, , ,

Timely treatment of depression could reduce the risk of dementia

the course of ineffectively treated depression carries significant medical risk.


Depression has long been associated with an increased risk of dementia, and now a new study provides evidence that timely treatment of depression could lower the risk of dementia in specific groups of patients.

Over 55 million people worldwide live with dementia, a disabling neurocognitive condition that mainly affects older adults. No effective treatment for dementia exists but identifying ways to help minimize or prevent dementia would help to lessen the burden of the disease.

The study, led by Jin-Tai Yu, MD, PhD, Huashan Hospital, Shanghai Medical College, Fudan University, and Wei Cheng, PhD, Institute of Science and Technology for Brain-Inspired Intelligence, Fudan University, Shanghai, China, appears in Biological Psychiatry, published by Elsevier.

Professor Yu and Professor Cheng used data collected by the UK Biobank, a population-based cohort of over 500,000 participants. The current study included more than 350,000 participants, including 46,280 participants with depression. During the course of the study, 725 of the depressed patients developed dementia.

Previous studies examining whether depression therapies such as pharmacotherapy and psychotherapy could lower the risk for dementia produced mixed results, leaving the question unresolved. "Older individuals appear to experience different depression patterns over time," said Professor Yu. "Therefore, intra-individual variability in symptoms might confer different risk of dementia as well as heterogeneity in effectiveness of depression treatment in relation to dementia prevention."

To address that heterogeneity, the researchers then categorized participants into one of four courses of depression: increasing course, in which mild initial symptoms steadily increase; decreasing course, starting with moderate- or high-severity symptoms but subsequently decreasing; chronically high course of ongoing severe depressive symptoms; and chronically low course, where mild or moderate depressive symptoms are consistently maintained.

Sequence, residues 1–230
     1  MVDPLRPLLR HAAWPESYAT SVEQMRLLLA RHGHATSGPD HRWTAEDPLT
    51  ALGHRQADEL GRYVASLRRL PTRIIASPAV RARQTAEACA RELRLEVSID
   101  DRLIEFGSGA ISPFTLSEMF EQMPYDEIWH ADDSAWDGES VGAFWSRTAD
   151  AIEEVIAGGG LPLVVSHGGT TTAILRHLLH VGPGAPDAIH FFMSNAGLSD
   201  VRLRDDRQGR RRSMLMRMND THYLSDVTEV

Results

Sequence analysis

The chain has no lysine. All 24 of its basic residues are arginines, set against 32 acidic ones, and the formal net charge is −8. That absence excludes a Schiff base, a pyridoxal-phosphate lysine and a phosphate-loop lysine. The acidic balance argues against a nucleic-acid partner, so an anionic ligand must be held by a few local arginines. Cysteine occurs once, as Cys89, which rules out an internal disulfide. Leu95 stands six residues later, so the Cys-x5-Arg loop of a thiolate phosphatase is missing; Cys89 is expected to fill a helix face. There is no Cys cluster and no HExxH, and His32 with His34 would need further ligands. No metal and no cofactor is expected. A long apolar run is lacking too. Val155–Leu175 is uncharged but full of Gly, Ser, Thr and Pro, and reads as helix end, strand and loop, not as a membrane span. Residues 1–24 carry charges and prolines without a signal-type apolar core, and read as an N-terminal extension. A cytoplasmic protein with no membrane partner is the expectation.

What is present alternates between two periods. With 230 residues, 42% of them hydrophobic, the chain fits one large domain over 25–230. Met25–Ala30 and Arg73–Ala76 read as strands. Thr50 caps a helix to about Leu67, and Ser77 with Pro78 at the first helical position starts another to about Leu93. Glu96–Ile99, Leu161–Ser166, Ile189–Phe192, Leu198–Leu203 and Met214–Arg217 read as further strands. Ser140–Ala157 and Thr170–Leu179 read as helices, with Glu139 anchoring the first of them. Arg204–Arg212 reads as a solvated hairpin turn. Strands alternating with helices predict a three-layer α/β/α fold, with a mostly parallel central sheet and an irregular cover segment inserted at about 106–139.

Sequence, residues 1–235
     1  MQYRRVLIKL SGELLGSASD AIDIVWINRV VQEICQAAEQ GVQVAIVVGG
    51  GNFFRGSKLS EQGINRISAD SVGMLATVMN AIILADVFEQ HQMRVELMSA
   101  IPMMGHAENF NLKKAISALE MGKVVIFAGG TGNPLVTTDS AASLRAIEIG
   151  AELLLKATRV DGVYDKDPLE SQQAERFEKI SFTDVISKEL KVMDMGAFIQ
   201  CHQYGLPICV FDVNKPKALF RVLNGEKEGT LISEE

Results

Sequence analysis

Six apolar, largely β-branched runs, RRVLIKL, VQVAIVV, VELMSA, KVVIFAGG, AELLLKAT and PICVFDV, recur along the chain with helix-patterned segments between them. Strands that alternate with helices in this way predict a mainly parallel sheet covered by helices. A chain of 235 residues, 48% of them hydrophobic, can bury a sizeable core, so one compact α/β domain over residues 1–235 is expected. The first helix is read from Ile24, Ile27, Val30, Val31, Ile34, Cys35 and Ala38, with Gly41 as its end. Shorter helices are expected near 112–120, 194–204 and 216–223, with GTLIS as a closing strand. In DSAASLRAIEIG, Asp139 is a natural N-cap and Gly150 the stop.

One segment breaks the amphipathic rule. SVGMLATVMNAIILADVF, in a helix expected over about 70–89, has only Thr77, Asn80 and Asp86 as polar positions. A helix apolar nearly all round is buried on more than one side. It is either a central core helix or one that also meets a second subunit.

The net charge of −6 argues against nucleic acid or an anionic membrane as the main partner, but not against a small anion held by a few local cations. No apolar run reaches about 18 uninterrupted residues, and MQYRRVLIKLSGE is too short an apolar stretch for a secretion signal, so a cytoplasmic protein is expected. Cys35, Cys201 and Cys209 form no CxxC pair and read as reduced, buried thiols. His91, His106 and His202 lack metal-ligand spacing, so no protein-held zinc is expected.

As expected, the study found that depression elevated the risk of dementia – by a striking 51% compared to non-depressed participants. However, the degree of risk depended on the course of depression; those with increasing, chronically high, or chronically low course depression were more vulnerable to dementia, whereas those with decreasing course faced no greater risk than participants without depression.

The researchers most wanted to know whether the increased risk for dementia could be lowered by receiving depression treatment. Overall, depressed participants who received treatment had reduced risk of dementia compared to untreated participants by about 30%. When the researchers separated the participants by depression course, they saw that those with increasing and chronically low courses of depression saw lower risk of dementia with treatment, but those with a chronically high course saw no benefit of treatment in terms of dementia risk.
He notes that, "in this case, symptomatic depression increases dementia risk by 51%, whereas treatment was associated with a significant reduction in this risk."

"This indicates that timely treatment of depression is needed among those with late-life depression," added Professor Cheng. "Providing depression treatment for those with late-life depression might not only remit affective symptoms but also postpone the onset of dementia."

"The new findings shed some light on previous work as well," said Professor Cheng. "The differences of effectiveness across depression courses might explain the discrepancy between previous studies."
Journal reference:
Yang, L., et al. (2022) Depression, Depression Treatments, and Risk of Incident Dementia: A Prospective Cohort Study of 354,313 Participants. Biological Psychiatry. doi.org/10.1016/j.biopsych.2022.08.026.
Link:
https://www.news-medical.net/news/20221017/Timely-treatment-of-depression-could-reduce-the-risk-of-dementia.aspx
12 replies
  1. Alireza noche
    Alireza noche says: